Snap18 December 2018Updated about 4 months ago

The Commodities Feed: Downward pressure resumes

Your daily roundup of commodities news and ING views

Drilled but uncompleted wells in the US continue to rise

EIA, ING Research
EIA, ING Research


Oil under pressure: The oil market has come under renewed pressure with WTI settling below US$50/bbl yesterday, while Brent settled below US$60/bbl. A large part of the move is due to a broader market sell-off, with both US and Asian equity markets coming under pressure. Meanwhile specifically for the oil market there are no clear signs yet of the market tightening, with this likely to only happen when OPEC+ cuts come into force on the 1 January. Meanwhile later today the API will release its weekly inventory numbers, and if their number is aligned with market expectations for a 3.25MMbbls draw, this could offer some immediate support to the market.   

US oil drilling: In their latest Drilling Productivity Report, the EIA estimates that US shale oil production will rise by 134Mbbls/d to 8.17MMbbls/d in January. They also revised higher their estimate from last month for December 2018 production from 7.94MMbbls/d to 8.03MMbbls/d. Meanwhile the number of drilled but uncompleted (DUCs) wells increased by 287 over the month, to total 8,723 by the end of November. While the build-up in DUCs in recent months has been driven more by constraints rather than unattractive prices, the latter could become more of a driver if the current weak price environment lingers on for much longer.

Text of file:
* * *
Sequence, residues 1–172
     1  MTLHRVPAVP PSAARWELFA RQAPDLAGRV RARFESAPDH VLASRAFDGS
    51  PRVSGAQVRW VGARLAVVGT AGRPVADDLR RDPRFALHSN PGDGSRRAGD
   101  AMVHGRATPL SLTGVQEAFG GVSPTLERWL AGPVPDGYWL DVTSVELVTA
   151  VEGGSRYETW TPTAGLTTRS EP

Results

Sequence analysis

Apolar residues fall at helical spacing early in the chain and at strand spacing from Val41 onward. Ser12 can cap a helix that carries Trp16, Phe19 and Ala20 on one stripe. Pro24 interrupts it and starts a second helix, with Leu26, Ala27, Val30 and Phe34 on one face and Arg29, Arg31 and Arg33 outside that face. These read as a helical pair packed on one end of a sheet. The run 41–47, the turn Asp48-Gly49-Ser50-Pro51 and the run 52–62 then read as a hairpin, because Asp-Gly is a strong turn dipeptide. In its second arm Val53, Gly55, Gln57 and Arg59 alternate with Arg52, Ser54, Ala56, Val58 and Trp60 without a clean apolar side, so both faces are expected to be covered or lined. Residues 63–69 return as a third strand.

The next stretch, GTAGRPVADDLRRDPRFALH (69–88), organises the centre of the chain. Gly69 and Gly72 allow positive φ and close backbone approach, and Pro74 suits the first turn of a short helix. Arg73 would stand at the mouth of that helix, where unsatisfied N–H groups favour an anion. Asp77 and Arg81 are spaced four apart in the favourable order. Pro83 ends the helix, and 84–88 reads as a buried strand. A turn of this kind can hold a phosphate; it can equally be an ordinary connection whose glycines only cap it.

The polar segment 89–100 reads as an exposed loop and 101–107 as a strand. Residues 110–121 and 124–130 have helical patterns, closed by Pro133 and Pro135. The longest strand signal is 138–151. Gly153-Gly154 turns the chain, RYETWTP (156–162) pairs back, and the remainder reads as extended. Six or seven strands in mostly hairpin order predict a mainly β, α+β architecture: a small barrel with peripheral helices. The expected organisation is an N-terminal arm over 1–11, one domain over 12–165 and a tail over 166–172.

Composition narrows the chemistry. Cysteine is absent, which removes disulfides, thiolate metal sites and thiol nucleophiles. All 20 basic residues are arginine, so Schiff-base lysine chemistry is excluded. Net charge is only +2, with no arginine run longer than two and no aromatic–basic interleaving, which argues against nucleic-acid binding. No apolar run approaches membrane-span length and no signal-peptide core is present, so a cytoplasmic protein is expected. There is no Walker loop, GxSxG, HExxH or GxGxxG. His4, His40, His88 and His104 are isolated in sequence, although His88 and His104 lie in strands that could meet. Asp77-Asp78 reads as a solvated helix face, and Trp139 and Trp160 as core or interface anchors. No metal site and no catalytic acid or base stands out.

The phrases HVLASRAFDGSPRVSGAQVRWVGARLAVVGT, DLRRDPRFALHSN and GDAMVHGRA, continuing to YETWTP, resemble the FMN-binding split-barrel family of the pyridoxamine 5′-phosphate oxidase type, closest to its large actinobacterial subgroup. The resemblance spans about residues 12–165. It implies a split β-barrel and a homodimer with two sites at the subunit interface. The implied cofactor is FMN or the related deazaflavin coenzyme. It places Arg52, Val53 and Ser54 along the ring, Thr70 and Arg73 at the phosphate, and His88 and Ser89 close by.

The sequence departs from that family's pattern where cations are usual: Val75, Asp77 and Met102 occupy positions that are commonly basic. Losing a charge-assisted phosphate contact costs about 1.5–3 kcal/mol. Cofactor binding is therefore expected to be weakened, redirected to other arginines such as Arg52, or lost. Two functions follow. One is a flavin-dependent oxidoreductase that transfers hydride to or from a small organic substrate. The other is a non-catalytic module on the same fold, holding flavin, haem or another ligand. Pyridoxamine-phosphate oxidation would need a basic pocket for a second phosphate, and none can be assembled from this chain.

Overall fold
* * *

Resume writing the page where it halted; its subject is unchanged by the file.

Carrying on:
China copper output: Chinese refined copper output increased 4.3% MoM (-2.3% YoY) to 768kt in November 2018, with YTD output up 1% YoY to 8.17mt. In order to support refined copper production, copper concentrate imports increased 17% YoY to 18.3mt over the first 11 months of 2018, as copper scrap availability fell due to restrictions imposed on scrap imports. China’s  copper scrap imports declined 33% YoY to 2.2mt over the first 11 months of 2018.  There will be further downward pressure on scrap imports in 2019, with a full ban on category 7 scrap imports coming into force.

Precious metal ETF holdings: ETF investors bought nearly 0.9mOz of gold over the past two weeks, with them now holding 69.6mOz of gold, the largest since late July. Stressed financial markets and concerns that the US Federal Reserve are becoming slightly more dovish has increased demand for the metal. On the other hand, investors continue to sell silver, with 6mOz of ETF holdings liquidated since the start of the month; total known ETF holdings of silver now stand at a six month low of 523.5mOz. Palladium continues to see ETFs being sold and physical metal leased onto the market, with holdings falling by 19.3kOz of ETF being sold since the start of the month.


Second round of aid for US farmers: The USDA announced yesterday that they will be making available the second and final round of payments to US farmers affected by retaliatory trade tariffs on US agricultural products. Farmers will be able to receive Market Facilitation Program payments for the second half of 2018 production. This second round of payments would bring total direct payments to almost US$9.6b.

US export inspections: Latest data from the USDA shows that 975kt of soybeans were inspected over the last week for export, this compares to 927kt the week before, and is significantly lower than the 1.8mt inspected in the same week last year. In terms of destination, there was no volume inspected for China. Meanwhile 885kt of corn was inspected for export over the week, up from 876kt in the previous week, and somewhat higher than the 637kt seen in the same week last season.

Daily price update

Bloomberg, ING Research
Bloomberg, ING Research